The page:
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Poems from the Edge of Extinction

An exceptional collection of translated poetry

Poems from the Edge of Extinction edited by Chris McCabe is a small cross-section of world poetry with a difference; every poem in this collection is written in a language that is endangered, at risk of extinction. It began with the idea to collect poetry written in the world’s dying languages and became an exhibition at the National Poetry Library in 2017, The Endangered Languages Project.

I found it challenging to balance two radical dualities when reading this collection; the poem on the left written in an endangered language, and the translation on the right written in English. Poetry written in an endangered language is, by its nature, only accessible to the dwindling number of speakers and readers of that language. As English is a global language, anything written in English or translated into English becomes instantly accessible to billions of people worldwide.

And yet the book encourages us to attempt to read the original work, helped by a page of explanatory notes for each poem on the language and the poet. My technique involved looking for patterns: repeated words, question marks, a pattern of longer or shorter lines, rhyme and alliteration, then cross-referencing it with the English version for meaning. I found through this method a small way of fighting the hold my language has over meaning.

The anthology is constructed around continents: Africa, the Americas, Asia, Europe, Middle East and Oceania. This creates a recognisable structure for the reader and allows us to move between regions rather than reading it lineally. Everywhere it urges you to make connections between the extinction of language and the extinction of species and between the languages themselves, encouraging us to consider our relationship, and therefore responsibility, to the writers and speakers of these languages.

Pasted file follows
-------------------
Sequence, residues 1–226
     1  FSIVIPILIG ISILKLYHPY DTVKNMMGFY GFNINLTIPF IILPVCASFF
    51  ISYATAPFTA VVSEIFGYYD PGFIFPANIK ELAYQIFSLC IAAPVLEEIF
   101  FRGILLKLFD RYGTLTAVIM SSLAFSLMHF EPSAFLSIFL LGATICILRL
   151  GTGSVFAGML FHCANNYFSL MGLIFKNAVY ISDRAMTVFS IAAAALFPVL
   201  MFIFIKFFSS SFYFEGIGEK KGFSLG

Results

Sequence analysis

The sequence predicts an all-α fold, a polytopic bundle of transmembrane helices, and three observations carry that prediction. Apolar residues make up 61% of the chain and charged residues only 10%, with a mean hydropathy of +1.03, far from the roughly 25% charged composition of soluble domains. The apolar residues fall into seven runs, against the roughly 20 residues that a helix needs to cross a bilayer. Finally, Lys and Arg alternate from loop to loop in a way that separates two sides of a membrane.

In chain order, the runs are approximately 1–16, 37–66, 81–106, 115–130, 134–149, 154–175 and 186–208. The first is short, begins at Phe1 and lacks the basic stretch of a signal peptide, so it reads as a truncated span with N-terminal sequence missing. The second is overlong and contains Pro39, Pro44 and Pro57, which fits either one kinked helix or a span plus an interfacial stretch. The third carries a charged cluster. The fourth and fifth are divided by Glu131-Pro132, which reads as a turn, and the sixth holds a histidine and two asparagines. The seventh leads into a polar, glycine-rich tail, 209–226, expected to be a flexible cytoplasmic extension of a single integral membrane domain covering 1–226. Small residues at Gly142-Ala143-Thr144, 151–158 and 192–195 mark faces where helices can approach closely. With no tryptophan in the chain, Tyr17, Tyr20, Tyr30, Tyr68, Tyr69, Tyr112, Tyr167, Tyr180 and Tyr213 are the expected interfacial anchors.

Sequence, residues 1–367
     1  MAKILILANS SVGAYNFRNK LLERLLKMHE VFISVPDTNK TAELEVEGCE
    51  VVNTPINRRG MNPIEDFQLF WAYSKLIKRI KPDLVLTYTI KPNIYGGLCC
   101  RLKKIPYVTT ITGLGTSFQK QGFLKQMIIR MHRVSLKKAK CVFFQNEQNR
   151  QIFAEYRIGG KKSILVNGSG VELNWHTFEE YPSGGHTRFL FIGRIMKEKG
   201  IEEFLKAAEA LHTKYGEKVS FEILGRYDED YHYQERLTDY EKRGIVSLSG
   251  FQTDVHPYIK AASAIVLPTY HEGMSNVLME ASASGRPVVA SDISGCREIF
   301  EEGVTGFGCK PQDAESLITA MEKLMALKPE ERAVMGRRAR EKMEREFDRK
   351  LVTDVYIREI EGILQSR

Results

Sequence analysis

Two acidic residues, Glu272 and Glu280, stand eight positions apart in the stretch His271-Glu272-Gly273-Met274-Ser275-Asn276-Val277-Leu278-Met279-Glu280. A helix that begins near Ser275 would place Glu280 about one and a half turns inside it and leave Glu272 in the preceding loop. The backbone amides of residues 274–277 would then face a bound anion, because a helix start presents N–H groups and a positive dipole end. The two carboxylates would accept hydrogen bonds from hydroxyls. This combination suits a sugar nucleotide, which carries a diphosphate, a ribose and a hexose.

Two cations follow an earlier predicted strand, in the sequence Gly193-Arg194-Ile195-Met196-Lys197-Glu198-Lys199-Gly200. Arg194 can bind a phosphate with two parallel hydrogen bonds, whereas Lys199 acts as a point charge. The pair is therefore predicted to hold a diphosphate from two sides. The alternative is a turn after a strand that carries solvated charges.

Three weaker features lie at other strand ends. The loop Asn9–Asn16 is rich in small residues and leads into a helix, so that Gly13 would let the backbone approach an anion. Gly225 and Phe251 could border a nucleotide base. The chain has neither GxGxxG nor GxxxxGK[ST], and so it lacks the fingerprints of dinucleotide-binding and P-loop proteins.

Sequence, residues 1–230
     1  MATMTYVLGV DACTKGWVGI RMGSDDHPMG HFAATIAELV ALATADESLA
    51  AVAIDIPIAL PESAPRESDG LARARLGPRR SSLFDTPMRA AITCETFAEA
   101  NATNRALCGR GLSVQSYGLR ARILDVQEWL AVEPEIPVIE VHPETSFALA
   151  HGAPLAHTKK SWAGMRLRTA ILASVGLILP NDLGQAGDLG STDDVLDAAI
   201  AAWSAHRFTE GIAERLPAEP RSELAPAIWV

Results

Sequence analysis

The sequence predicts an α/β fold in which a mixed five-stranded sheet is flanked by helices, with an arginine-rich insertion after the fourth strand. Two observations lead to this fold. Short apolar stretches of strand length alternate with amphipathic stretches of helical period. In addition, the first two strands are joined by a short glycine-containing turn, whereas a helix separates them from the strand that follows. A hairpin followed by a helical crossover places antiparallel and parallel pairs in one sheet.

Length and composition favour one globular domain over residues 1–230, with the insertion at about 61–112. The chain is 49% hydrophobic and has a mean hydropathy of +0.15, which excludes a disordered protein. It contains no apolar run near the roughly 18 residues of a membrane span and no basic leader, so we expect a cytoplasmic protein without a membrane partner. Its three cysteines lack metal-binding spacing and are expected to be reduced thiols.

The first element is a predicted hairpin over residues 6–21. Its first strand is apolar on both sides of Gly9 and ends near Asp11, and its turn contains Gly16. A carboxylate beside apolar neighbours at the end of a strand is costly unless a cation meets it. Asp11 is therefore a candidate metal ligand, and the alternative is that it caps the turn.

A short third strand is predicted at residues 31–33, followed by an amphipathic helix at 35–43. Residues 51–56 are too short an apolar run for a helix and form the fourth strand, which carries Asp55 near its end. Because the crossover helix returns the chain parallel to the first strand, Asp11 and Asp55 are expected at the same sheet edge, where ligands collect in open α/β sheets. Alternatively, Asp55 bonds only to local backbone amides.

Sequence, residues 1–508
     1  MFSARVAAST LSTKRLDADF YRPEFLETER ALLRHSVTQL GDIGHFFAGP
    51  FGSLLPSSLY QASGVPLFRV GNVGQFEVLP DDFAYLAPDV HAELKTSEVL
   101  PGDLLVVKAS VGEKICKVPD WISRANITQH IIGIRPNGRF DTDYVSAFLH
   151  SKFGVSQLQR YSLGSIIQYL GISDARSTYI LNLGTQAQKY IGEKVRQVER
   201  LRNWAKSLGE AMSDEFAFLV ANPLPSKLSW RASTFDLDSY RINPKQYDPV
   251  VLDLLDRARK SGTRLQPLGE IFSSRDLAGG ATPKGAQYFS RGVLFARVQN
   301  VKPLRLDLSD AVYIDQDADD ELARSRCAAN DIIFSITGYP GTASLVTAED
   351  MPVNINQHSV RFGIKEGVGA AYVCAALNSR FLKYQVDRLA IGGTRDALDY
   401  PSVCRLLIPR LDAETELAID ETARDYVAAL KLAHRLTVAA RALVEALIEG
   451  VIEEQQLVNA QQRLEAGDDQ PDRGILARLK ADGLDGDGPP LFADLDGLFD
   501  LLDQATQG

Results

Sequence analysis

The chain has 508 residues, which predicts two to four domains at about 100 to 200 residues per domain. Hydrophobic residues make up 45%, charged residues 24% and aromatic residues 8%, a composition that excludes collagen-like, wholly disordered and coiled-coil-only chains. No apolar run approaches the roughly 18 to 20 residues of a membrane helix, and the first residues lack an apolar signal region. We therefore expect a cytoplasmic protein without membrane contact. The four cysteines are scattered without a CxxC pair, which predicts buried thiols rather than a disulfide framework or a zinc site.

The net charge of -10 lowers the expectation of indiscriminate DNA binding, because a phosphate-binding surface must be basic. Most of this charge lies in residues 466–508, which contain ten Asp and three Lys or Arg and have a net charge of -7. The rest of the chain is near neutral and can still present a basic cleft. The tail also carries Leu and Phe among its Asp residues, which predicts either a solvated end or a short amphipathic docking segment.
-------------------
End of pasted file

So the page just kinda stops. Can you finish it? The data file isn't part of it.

Some poems cannot be reproduced in the original language they were created in. The poem ‘Lovesong’ was transcribed and translated from a song in the Rohingya language, which does not have a recognised written script.

You catch yourself slipping and falling
on the narrow road,
a black water jug – cracked on a dark night.

Often poems have been chosen that draw attention to the translation, to the nature of translation and what is lost (or gained). Valzhyna Mort’s poem ‘Belarusian 1’ is a stark response to the political eradication of her language in Belarus:

When we discovered that we ourselves were the language
and our tongues were removed, we started talking with our

The introductions by Martin Owen, Mandana Seyfeddinipur and editor Chris McCabe, as well as the detailed notes on the languages and poets, put the poetry in context. As with the pages of notes for each poem, this is invaluable. And yet, despite the different contexts of each language and poet, what you are left with is a sense of universality. Among many others, the themes of the poems cover loss, desire, belonging, love and truth.

Hopefully more readers will be drawn to this anthology. It feels like an exceptional, important work of translation that comes not a moment too soon.

Poems from the Edge of Extinction edited by Chris McCabe is published by Chambers, 288 pages.

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